Environmental campaign group Greenpeace has called for Welsh ministers to consider taxing plastic waste.
The Welsh Government has called for ideas that could be developed into new levies.
Greenpeace said powers over new taxes could be used to tax coffee cups or "problem" plastics that cannot be recycled.
The Welsh Government said a shortlist of possible new taxes would be published on 3 October.
The calls from Greenpeace follow the Welsh Government's decision to proceed with a ban on microbeads - small pieces of plastic - being used in cosmetics in Wales, following action taken by the UK government.
The campaigners said 7,500 people have signed a petition calling for the Welsh Government to use tax powers it now has to "deal with the problem of plastic pollution".
Under the Wales Act 2014, the Welsh Government can put forward proposals for the development of new taxes in areas of policy controlled from Wales.
However, they must be agreed by AMs, the UK government, the House of Commons and the House of Lords.
Tisha Brown, oceans campaigner at Greenpeace UK, said: "Wales was ahead of the curve on the plastic bag charge and we'd love to see it taking a lead on tackling ocean plastic pollution."
She added that the petition calls "on the Welsh Government to introduce measures like bottle deposit return schemes to tackle the millions of single-use plastic bottles which are clogging our oceans, action on throwaway coffee cups, and tackling problem plastics like polystyrene which can't be recycled".
Paper coffee cups are fused with polyethylene which means they cannot be easily recycled.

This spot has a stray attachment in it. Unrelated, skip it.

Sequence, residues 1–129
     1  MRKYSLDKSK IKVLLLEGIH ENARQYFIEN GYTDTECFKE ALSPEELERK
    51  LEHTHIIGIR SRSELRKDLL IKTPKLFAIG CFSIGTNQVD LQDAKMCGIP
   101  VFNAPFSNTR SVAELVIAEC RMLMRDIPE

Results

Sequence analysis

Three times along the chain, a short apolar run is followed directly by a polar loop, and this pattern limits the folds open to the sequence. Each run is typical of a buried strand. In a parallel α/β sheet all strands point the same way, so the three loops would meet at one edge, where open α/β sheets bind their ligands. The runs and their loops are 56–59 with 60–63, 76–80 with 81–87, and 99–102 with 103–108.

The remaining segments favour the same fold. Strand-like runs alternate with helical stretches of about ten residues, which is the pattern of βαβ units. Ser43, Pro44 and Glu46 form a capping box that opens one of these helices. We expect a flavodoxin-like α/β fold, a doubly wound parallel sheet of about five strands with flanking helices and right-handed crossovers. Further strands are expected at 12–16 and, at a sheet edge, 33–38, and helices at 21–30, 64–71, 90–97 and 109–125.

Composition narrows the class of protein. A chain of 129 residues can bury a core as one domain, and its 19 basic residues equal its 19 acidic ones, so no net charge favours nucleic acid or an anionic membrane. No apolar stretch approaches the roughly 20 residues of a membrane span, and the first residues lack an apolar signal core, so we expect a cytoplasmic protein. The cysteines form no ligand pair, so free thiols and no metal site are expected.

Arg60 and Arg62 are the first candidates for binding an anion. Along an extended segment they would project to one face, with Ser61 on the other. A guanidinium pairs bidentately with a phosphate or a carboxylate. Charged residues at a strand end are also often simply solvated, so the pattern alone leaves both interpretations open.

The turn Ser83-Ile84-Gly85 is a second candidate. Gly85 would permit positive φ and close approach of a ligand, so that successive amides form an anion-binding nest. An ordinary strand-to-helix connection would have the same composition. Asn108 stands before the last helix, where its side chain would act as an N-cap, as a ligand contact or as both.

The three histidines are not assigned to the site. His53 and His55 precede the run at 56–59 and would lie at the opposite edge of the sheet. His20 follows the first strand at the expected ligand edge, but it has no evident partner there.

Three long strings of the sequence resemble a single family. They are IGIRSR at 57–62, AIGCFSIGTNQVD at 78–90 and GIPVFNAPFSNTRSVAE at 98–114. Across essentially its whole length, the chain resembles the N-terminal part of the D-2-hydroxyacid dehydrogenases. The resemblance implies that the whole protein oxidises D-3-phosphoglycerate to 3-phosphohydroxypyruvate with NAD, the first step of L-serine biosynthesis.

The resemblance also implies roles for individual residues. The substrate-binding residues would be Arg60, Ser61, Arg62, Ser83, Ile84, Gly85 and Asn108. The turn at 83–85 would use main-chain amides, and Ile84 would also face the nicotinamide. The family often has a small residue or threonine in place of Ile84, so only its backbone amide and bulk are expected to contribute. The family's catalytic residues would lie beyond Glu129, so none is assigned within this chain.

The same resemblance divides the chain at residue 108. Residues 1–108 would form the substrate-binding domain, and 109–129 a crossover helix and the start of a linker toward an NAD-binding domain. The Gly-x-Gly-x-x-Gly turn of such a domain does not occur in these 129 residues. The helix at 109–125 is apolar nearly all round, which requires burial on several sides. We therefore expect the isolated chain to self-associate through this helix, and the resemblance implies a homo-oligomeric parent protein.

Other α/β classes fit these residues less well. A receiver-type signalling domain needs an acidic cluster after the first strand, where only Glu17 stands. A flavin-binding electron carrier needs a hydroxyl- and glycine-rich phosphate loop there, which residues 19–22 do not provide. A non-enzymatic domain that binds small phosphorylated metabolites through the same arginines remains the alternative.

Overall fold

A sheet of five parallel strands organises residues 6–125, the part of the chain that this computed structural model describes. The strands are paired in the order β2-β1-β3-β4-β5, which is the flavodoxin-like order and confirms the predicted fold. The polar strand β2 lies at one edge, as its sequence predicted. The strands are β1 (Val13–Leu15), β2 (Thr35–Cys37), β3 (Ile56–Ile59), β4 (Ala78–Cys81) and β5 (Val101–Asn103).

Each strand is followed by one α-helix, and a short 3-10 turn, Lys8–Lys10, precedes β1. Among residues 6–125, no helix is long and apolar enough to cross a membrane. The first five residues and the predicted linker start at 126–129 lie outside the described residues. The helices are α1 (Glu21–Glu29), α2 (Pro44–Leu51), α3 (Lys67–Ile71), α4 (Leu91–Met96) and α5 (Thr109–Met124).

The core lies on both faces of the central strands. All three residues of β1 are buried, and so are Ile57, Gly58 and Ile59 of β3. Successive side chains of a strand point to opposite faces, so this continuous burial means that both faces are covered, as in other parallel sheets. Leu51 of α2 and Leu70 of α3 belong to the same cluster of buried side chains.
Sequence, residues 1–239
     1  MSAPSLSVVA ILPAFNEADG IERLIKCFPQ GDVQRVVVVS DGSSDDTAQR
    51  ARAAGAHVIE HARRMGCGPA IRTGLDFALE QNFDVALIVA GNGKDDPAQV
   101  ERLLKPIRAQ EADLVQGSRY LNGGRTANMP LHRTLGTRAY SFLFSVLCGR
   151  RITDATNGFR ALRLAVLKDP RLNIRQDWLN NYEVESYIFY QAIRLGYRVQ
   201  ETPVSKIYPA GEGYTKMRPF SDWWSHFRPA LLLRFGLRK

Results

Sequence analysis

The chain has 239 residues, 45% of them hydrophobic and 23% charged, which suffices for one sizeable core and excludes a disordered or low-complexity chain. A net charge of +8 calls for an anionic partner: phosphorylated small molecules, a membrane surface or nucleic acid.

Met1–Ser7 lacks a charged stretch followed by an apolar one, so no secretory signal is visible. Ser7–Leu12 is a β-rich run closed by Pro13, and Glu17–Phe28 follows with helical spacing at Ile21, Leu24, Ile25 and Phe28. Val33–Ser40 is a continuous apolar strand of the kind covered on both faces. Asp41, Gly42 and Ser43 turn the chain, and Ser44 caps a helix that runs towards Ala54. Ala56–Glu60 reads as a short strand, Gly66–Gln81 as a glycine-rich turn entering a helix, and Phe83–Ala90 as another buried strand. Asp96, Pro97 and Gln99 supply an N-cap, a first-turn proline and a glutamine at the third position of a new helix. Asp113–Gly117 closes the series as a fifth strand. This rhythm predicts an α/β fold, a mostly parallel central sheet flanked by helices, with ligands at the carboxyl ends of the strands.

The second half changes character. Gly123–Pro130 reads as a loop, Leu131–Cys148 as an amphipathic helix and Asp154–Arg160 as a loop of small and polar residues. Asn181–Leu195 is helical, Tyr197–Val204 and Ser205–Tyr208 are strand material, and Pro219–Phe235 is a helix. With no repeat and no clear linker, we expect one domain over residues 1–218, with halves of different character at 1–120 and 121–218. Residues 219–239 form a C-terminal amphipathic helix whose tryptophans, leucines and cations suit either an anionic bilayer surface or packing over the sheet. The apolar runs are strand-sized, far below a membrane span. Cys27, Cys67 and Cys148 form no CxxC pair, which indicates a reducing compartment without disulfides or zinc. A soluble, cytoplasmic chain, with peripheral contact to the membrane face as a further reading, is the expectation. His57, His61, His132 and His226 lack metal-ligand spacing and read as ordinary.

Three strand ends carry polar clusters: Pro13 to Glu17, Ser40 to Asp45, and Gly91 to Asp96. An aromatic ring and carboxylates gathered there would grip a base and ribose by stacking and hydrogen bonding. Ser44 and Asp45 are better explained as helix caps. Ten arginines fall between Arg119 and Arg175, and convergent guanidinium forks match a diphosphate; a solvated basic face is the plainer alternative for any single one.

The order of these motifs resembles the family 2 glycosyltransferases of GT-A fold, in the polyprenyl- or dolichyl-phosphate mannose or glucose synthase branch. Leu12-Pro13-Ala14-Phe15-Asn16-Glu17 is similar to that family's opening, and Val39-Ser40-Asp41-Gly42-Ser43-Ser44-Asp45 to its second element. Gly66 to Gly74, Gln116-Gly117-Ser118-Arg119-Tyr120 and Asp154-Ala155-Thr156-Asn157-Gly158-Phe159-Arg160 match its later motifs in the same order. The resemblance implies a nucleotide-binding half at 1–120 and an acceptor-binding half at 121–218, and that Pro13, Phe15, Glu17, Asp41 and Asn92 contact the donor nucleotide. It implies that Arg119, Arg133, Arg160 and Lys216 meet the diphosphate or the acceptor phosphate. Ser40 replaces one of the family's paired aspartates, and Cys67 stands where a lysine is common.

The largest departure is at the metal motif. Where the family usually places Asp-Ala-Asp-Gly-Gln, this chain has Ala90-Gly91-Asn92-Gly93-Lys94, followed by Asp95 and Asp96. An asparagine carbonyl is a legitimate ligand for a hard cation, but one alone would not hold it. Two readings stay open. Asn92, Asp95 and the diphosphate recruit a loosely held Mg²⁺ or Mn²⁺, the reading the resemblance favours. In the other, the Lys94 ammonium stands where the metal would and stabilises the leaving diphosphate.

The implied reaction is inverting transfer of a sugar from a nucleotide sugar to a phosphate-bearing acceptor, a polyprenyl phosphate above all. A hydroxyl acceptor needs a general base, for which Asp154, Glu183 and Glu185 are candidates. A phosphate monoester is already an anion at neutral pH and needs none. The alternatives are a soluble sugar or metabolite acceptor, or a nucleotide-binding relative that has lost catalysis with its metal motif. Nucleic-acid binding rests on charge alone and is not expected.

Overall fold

A Cardiff University study said charging for coffee cup use could cut their use by 300 million a year in the UK.
Greenpeace is not the first to call for a deposit return scheme in Wales - which would allow users of plastic bottles to be given a deposit when they return the items for recycling - Scotland has announced it will launch its own project.
In April the Marine Conservation Society said figures showed "a steady rise" in the number of caps, lids and glass bottles found on Welsh beaches in the past five years.
A Welsh Government spokesman said: "We will work with experts and taxpayers to develop a new tax proposal to take to the UK government next year.
"Thanks to a comprehensive package of innovative recycling policies, funding and statutory targets, our recycling rate is now the third best in the world.
"To build on this success we are now examining options to further increase recycling and reduce waste through an extended producer responsibility scheme. This includes a review of the potential for a deposit return scheme in Wales."